As I was thinking about to write about today, I came across two articles about leadership. One article, by Margarita Mayo, If Humble People Make the Best Leaders, Why Do We Fall for Charismatic Narcissists?, looks at why humble people make the best leaders, but we often fall for the charisma of a narcissistic leader instead.
According to Mayo, “humble leaders improve the performance of a company in the long run because they create more collaborative environments. They have a balanced view of themselves – both their virtues and shortcomings – and a strong appreciation of others’ strengths and contributions, while being open to new ideas and feedback. These “unsung heroes” help their believers to build their self-esteem, go beyond their expectations, and create a community that channels individual efforts into an organized group that works for the good of the collective.” She also notes that one can be both humble and charismatic, what she refers to as socialized charisma. Although the socialized charismatic leader has the aura of a hero, it is counteracted with low authoritarianism and a genuine interest in the collective welfare.
The second article, by a trio of McKinsey consultants, looked at “What makes a CEO ‘exceptional’?“. In a study of the very top performers (top 5%) in a data set of roughly 600 CEOs at S&P 500 companies between 2004 and 2014, the authors share three lessons that emerged from close scrutiny of these exceptional leaders:
- Exceptional CEOs are twice as likely to have been hired from outside the company
- Exceptional CEOs were more likely to conduct a strategic review early in their tenure
- Exceptional CEOs were less likely to undertake organizational redesign or management-team reshuffles in the first two years in office.
These are not the first articles I have read about leadership; I’ve probably read several dozen articles and a few books about the topic. There’s a lot written about leadership; when I type “leadership” into Google, it returns 797,000,000 results.
But as fate would have it, I was also scrolling through Adam Grant’s monthly newsletter, and he shared an article from the New York Times that offers a different look at leadership. “Not Leadership Material? Good. The World Needs Followers“, written by Susan Cain, author of the bestselling book, “Quiet: The Power of Introverts in a World That Can’t Stop Talking”.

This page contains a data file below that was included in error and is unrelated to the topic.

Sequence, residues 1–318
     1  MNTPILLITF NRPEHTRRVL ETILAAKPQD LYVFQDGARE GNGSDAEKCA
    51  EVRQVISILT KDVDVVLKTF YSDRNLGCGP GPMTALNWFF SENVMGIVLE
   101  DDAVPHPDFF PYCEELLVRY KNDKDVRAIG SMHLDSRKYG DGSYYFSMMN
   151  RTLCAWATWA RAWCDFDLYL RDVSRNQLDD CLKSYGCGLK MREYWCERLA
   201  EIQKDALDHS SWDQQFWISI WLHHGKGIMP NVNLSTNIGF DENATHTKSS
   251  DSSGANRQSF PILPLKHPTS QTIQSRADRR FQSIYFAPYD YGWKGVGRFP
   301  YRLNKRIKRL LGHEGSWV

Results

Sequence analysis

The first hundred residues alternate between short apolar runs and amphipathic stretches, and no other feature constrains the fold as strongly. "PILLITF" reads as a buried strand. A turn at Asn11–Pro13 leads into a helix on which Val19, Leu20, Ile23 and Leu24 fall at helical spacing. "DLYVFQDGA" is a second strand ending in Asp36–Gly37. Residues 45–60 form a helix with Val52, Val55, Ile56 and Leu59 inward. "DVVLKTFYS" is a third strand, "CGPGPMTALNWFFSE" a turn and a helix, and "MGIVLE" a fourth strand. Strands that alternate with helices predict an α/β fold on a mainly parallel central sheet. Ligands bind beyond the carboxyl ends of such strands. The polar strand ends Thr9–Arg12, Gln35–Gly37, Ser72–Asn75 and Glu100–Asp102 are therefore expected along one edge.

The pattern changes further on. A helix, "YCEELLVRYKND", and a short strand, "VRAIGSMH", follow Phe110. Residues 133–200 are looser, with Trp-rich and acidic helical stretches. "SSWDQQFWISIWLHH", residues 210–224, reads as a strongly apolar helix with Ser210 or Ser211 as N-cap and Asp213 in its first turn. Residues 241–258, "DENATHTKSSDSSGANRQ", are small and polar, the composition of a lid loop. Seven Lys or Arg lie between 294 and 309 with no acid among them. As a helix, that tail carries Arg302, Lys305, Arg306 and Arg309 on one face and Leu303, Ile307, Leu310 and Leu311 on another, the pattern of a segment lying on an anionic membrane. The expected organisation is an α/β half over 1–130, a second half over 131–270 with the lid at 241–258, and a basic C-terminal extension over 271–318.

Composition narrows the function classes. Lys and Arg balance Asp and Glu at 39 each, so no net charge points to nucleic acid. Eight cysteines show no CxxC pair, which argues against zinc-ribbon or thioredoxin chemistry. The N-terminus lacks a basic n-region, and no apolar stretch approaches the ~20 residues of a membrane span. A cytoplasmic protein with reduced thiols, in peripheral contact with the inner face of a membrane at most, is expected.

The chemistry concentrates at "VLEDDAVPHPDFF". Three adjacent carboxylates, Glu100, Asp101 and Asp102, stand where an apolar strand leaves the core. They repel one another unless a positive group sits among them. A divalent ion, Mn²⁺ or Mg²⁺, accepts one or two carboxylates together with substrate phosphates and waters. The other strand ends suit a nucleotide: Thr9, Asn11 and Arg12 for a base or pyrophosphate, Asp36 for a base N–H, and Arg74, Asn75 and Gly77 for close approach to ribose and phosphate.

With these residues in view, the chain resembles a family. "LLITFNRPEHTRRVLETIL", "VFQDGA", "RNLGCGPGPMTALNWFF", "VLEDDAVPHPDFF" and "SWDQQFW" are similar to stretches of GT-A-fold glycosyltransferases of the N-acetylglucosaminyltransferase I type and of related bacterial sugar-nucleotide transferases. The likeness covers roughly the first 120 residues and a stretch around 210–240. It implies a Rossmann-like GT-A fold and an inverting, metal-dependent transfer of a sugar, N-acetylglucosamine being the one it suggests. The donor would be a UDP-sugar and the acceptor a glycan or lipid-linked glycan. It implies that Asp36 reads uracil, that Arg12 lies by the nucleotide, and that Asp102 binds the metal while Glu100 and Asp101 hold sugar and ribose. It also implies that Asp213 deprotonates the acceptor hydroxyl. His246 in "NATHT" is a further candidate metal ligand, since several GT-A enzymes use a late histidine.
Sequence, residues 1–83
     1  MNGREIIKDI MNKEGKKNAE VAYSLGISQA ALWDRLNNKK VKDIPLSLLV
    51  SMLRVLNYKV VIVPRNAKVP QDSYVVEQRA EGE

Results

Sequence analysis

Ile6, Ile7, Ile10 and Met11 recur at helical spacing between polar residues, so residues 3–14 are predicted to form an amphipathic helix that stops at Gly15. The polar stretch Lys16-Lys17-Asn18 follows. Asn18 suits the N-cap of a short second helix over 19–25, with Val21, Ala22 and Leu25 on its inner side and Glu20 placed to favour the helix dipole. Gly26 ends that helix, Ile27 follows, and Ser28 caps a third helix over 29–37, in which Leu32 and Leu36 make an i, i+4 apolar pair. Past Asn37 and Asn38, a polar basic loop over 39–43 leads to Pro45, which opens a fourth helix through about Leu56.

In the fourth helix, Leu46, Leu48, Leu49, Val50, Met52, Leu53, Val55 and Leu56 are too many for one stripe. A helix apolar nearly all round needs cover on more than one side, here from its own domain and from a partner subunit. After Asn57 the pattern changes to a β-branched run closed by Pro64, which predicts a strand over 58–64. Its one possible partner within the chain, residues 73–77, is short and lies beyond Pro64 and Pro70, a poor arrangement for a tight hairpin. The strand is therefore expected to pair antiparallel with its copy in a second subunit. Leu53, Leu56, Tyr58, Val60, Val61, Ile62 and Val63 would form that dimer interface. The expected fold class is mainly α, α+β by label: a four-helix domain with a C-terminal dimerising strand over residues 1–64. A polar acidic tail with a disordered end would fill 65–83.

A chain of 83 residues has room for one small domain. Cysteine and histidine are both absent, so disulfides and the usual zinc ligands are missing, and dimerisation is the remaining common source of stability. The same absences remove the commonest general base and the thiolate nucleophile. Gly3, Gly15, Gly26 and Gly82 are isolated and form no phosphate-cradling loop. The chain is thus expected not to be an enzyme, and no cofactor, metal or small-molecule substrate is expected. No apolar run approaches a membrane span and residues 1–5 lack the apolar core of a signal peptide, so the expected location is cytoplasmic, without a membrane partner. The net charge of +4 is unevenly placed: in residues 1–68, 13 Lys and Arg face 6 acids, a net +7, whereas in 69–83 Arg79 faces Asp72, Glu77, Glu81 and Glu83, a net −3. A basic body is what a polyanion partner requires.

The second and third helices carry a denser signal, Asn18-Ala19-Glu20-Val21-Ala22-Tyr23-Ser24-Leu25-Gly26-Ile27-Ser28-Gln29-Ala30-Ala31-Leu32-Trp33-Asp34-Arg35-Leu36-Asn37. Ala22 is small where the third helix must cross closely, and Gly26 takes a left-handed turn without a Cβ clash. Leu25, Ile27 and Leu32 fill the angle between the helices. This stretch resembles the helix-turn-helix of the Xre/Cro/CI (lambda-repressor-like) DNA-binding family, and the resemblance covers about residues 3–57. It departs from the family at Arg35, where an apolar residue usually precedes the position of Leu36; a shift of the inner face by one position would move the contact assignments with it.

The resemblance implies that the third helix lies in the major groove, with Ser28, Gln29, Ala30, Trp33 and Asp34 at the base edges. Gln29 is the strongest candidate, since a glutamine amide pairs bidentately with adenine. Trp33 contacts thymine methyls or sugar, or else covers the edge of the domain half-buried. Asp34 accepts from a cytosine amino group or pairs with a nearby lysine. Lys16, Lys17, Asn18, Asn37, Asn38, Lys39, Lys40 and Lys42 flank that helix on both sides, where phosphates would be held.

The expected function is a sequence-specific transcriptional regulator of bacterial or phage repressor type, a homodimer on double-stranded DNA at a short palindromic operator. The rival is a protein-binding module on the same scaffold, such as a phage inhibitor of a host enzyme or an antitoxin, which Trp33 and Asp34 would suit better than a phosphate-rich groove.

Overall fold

Cain notes how many colleges stress the importance of leadership in their application materials, leading to throngs of high school students looking for leadership positions while in high school, simply for the point of having it on their resume. The glorification of “leadership skills” attracts those who are motivated by the spotlight rather than by the ideas and people they serve. It teaches students to be a leader for the sake of being in charge, rather than in the name of a cause or idea they care about deeply.
While some have concluded that what we need are more followers, a term coined by Robert Kelley, a professor of management and organizational behavior. Kelley defined the term in a 1988 Harvard Business Review article, in which he listed the qualities of a good follower, including being committed to “a purpose, principle or person outside themselves” and being “courageous, honest and credible. While the study of followership has grown in popularity, it is nowhere near as popular as leadership. A Google search of followership returned 823,000 results.
I’m not sure that’s the right term, or the right type of individual, for what we need most to make the world a better place.
If I were to give a name to the type of person we need, it would be “doer”.
As one Ivy League professor points out, it would be nice if admissions officers looked for those wishing to make advances in solving mathematical problems or being the best poet of the century.
Cain tells the story of a high school senior who was kicked out of a leadership program because she wasn’t outgoing enough. This set her free to discover her true calling, science. She started working after school with her genetics teacher, another behind-the-scenes soul. She published her first scientific paper when she was 18, and won the highest scholarship her university has to offer, majoring in biomedical engineering and cello.
Cain notes that we need the soloists who forge their own paths in the worlds of art and science; such people are neither leaders not followers. but they certainly make the world a better place.
She concludes by saying that if we seek a society of caring, creative and committed people, and leaders who feel called to service rather than to stature, then we need to do a better job of making that clear.
So maybe what we need is a new field of research – doership. You heard it here first.